John Higgins has urged Ronnie O’Sullivan to stop focusing on his tip and switch brands of chalk.
O’Sullivan complained about his tip all week at the English Open, saying he was playing exceptionally well but unsure if he could cope mentally with the pressure of playing with such a bad tip.
The six-time world champion hit two centuries against Higgins, but they were not enough to prevent the Scot claiming a 6-5 win.
Higgins and O’Sullivan had a lengthy exchange after the conclusion of the dramatic semi-final, with the Rocket repeatedly pointing to his tip.
David Hendon said on Eurosport commentary that the O’Sullivan tip “is unlikely to be long for this world” but Higgins feels there is a more simple explanation.
“I said to Ronnie to get rid of that Triangle chalk,” Higgins told Eurosport. “I never used to be an advocate of this Taom chalk. But it felt everything for him was a kicky shot.”
The share price in sandpaper has likely increased, given the amount of work O’Sullivan was putting in on his tip between shots.
“I could see Ronnie was working away on his tip,” Higgins said. “He says it is the tip, but it is the striking of the cue ball. You can hear it on every shot. He says he loves his Triangle.”
Alan McManus added: “If you keep working away on it with a file or sandpaper, it changes the tip. It is never ever going to be perfect. You are never going to say ‘look, that’s it. That’s magic.’ You end up chipping away at it.”
O’Sullivan and Judd Trump are the outliers in the modern game with their use of Triangle chalk, and although he urged his great rival to change – Higgins feels the rest of the tour are benefiting.
“Two of the greatest break builders that have ever played snooker, in my eyes, and they don’t use the Taom chalk,” Higgins said. “I think it is a disadvantage for them.
“It’s better for the other players that these guys don’t use it, as there’s more chance of things happening. There’s more chance of them getting kicks with that chalk. So us players should be happy they are not using Taom.
“It was hard for Ronnie as he was thinking it’s his tip, but I was sitting watching and he was kicking every single shot.”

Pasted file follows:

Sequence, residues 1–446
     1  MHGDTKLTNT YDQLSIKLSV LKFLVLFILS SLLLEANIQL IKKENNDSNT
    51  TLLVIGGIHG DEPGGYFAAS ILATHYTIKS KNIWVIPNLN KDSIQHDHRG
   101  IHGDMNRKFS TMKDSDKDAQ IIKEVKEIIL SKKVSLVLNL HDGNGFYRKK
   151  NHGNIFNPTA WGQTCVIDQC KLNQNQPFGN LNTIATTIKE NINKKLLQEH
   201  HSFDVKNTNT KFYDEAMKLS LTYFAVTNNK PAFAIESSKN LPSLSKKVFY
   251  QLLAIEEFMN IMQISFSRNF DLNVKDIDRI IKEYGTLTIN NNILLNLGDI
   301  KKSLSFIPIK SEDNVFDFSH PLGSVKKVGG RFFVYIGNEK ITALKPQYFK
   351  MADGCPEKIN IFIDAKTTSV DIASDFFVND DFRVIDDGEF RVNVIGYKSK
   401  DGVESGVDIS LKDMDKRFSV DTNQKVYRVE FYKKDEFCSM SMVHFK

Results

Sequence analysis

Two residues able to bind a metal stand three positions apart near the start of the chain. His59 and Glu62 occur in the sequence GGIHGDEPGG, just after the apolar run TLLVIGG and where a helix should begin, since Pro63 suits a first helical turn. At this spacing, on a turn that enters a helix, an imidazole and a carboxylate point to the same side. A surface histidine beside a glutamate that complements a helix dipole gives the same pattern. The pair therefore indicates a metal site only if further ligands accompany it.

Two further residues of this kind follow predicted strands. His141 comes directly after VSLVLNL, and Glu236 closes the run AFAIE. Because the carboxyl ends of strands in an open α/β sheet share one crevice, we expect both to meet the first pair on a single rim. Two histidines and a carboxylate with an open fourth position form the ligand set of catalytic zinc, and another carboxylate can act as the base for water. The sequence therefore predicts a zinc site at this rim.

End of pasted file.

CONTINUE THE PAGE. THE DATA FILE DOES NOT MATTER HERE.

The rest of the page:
Whether Ronnie will listen, I’m not sure as he can be very stubborn at times.
Also you have to wonder why those two in particular stick with Triangle. The only explanation I can think of is that the tip has slightly more “grip” with the traditiomal chalk than with the Taom one as players using it complained about getting more miscues especially with the first versions. Both Ronnie and Judd use side a lot and “less friction” makes it more difficult to create side.
The other semi-final was won by Neil Robertson: he beat Mark King by 6-4 but it was far from easy (WST report)
Robertson Sets Up Higgins Showdown
Neil Robertson is through to the BetVictor English Open final after a fiercely fought 6-4 win over Mark King at the Marshall Arena in Milton Keynes.
The Australian now faces four-time World Champion John Higgins in tomorrow’s final over the best of 17 frames, with the Steve Davis Trophy and a top prize of £70,000 on the line.
It will only be the second time that 2010 Crucible king Robertson and Higgins have met in a ranking final. Their first contest in a ranking event title match was at the 2013 Wuxi Classic, when Robertson won 10-7. Higgins leads the current head to head record 8-7.
Robertson, who has 20 ranking titles to his name, will be aiming to go one better than he did 12 months ago here in Milton Keynes. The Thunder from Down Under was narrowly edged out 9-8 in a thrilling clash with Judd Trump in the 2020 English Open final.
This evening’s loss ends an impressive week for 2016 Northern Ireland Open champion King. The Romford cueman defeated world number one Judd Trump in the quarters and will pick up £20,000 for reaching the last four. However, King remains without a win against Robertson and now trails their head-to-head 6-0.
Having shared the first two frames this evening, Robertson composed breaks of 51 and 52 in the third to move 2-1 ahead. King controlled the fourth and ensured they went into the mid-session level at 2-2.
When they returned King gained a foothold in the match by claiming two protracted frames on the bounce, a 33 minute fifth and a 25 minute sixth, to lead 4-2.
From that point on Robertson clicked into gear. He made breaks of 111 and 101 on his way to a four frame blitz which secured his 6-4 victory and place in the final.
“It certainly didn’t look like I was going to finish off the match the way I did at 4-2 down,” said 39-year-old Robertson. “I still felt really good, I just needed the chances. Luckily at 4-4 I got some good chances and I was able to make the most of them.
“There were a lot of really tough frames. It wasn’t negative from either of us, we were trying to make breaks. The balls just happened to run a certain way and Mark was very good once the balls found themselves in those situations.
“My family will all be here, I suppose the Higgins clan will be here as well. It is always a great occasion, especially when the two players have families. You always see both sets of the family and the two wives are normally joking with each other backstage. We are slogging it out while they are chilling out with the kids and having a better time than we do.”